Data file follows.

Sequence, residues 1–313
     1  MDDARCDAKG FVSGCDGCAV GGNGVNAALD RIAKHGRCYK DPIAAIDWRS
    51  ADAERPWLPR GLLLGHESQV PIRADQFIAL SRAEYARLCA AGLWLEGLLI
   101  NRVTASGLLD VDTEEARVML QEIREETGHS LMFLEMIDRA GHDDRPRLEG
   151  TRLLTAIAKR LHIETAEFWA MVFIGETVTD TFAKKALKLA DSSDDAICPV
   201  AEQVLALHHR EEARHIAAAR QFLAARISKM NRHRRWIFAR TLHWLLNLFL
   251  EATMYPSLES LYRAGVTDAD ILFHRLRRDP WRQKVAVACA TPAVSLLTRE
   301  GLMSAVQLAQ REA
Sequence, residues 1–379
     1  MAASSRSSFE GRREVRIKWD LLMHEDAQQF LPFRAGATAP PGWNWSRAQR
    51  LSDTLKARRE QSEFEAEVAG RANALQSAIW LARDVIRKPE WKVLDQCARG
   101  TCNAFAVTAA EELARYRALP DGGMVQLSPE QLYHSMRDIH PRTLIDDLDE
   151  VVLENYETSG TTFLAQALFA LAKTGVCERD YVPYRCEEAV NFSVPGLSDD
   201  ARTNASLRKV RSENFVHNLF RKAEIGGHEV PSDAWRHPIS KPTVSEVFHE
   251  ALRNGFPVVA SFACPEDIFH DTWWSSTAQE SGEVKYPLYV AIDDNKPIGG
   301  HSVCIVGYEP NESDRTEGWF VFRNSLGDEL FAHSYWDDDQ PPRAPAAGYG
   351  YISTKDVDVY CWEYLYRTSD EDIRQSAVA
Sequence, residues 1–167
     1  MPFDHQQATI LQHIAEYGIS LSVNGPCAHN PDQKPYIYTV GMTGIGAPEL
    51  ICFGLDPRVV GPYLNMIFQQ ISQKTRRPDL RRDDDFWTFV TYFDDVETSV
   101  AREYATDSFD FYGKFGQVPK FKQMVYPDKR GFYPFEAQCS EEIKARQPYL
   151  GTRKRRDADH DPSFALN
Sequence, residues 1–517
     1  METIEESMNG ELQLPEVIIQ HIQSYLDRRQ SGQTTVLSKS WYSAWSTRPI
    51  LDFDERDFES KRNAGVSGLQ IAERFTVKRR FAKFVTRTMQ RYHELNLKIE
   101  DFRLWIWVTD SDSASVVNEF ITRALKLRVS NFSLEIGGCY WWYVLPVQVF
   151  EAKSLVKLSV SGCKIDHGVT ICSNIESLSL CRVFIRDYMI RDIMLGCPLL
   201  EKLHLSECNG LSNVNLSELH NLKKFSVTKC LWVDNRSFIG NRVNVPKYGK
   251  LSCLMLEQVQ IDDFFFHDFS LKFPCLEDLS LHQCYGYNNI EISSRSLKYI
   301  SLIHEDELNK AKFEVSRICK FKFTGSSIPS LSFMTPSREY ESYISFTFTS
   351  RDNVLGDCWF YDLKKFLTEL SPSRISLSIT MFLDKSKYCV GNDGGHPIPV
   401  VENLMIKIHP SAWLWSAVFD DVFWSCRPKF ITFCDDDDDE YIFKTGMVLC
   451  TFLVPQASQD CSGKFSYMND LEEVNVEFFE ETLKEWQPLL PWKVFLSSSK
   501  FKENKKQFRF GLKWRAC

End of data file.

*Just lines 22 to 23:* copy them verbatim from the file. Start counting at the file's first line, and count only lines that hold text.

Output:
   151  GTRKRRDADH DPSFALN
Sequence, residues 1–517